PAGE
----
You may or may not have seen recentnews indicating that a partnership between the IsraelMuseum and GoogleIsrael is making high-resolution images of the famous DeadSeaScrollsavailableonline
If you didn’t notice, a million others did: five of the scrolls debuted in late September. In less than a week, the site had recorded morethanamillionvisitors, including more than 400,000 from the United States.

And there’s good reason: the images (up to 1,200 megapixels) are crisp and sharp, allowing users to zoom in so tightly that they can see every pore in the parchment.

The best news for Bible students is that one of the first scrolls online is the Great Isaiah Scroll, dating to 100-125 B.C., the oldest complete text of a biblical book known to be in existence.

The wizardsatGoogleandtheIsraelMuseum have constructed the display so that one can digitally “unroll” the scroll, which has numbered columns for easy reference.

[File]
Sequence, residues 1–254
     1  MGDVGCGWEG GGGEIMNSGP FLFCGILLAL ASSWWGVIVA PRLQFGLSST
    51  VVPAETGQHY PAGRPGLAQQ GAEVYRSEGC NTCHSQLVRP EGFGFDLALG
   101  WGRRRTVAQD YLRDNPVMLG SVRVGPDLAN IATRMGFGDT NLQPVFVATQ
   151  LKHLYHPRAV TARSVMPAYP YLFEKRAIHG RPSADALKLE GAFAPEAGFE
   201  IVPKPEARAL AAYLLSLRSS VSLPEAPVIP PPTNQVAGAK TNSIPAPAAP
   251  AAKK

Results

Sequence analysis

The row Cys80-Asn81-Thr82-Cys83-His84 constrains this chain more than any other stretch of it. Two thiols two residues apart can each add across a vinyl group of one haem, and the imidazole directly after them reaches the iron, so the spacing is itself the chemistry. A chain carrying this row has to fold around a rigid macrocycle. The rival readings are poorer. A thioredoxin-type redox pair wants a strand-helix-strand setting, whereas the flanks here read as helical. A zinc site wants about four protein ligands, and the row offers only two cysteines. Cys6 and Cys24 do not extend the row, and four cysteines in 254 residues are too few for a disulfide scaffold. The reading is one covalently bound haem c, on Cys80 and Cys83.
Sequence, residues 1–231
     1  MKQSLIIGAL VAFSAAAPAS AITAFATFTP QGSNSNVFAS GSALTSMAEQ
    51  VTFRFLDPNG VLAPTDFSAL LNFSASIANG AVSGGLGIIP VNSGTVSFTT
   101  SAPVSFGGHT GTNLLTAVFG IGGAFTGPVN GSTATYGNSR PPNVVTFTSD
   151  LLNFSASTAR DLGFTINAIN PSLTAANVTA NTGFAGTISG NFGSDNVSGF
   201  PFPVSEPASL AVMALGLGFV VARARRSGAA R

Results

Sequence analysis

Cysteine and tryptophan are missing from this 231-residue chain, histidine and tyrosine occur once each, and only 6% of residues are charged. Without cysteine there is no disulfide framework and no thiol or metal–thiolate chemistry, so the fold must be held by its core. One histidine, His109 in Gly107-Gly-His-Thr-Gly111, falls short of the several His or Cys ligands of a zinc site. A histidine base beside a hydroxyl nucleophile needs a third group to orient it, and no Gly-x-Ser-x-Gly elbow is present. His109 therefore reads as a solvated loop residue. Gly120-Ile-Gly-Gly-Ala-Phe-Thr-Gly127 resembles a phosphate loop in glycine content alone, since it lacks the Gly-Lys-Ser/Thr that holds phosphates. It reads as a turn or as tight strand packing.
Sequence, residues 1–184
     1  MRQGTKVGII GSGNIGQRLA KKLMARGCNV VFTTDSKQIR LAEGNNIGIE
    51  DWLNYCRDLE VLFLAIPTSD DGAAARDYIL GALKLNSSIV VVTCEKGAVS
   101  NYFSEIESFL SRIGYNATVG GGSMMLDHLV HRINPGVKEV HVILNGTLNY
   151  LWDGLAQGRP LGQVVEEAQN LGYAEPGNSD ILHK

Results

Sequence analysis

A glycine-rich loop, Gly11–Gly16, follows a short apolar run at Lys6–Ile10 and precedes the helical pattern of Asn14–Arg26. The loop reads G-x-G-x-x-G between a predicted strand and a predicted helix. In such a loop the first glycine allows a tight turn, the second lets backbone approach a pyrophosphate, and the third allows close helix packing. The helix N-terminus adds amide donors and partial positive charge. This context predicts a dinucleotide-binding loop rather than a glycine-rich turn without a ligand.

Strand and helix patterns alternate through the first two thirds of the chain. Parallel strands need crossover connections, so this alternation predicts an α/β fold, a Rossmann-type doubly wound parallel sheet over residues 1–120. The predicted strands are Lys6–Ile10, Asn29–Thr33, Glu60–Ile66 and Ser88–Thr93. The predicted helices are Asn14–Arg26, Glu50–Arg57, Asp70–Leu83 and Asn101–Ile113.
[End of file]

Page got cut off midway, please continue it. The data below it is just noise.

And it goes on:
Scroll the mouse pointer over the text, and individual verses are highlighted and identified.

In one instance, which I deal with in the Dec. 4 lesson for BaptistToday‘s new “NurturingFaith” curriculum, the scroll (called 1QIsaa) provides evidence of how scribal notes later came to be incorporated into the text, with Isaiah 40:7 being a prime example.

Even if you don’t read Hebrew, this terrific website is worth a look, just so you can appreciate the painstaking way in which the Scriptures were copied through the years, the beauty of the text, and wonder that these scrolls, some more than 2,000 years old, have been preserved.

You can check them out here. Click on the header for the Great Isaiah Scroll, then click on the image of the scroll. Click on the number 33 at that bottom and it will unroll to the column containing Isaiah 40:2-28.

Zoom in with the magnifying glass tool at the bottom right to see the incredible detail.

Put the mouse pointer on the scroll, hold down the left button, and move the image around. See if you can find where the scribe inserted comments of his own, or that he knew from other sources.

Notice the four dots, used in the insertion to represent the Hebrew letters for God’s revealed name, YHWH, considered by the Hebrews as too holy to pronounce.

Then thank God, however you pronounce the name, for the many marvelous ways in which revelation works, including the written word.

TonyCartledge is associate professor of Old Testament at Campbell University Divinity School and contributing editor to Baptists Today, where he blogs.

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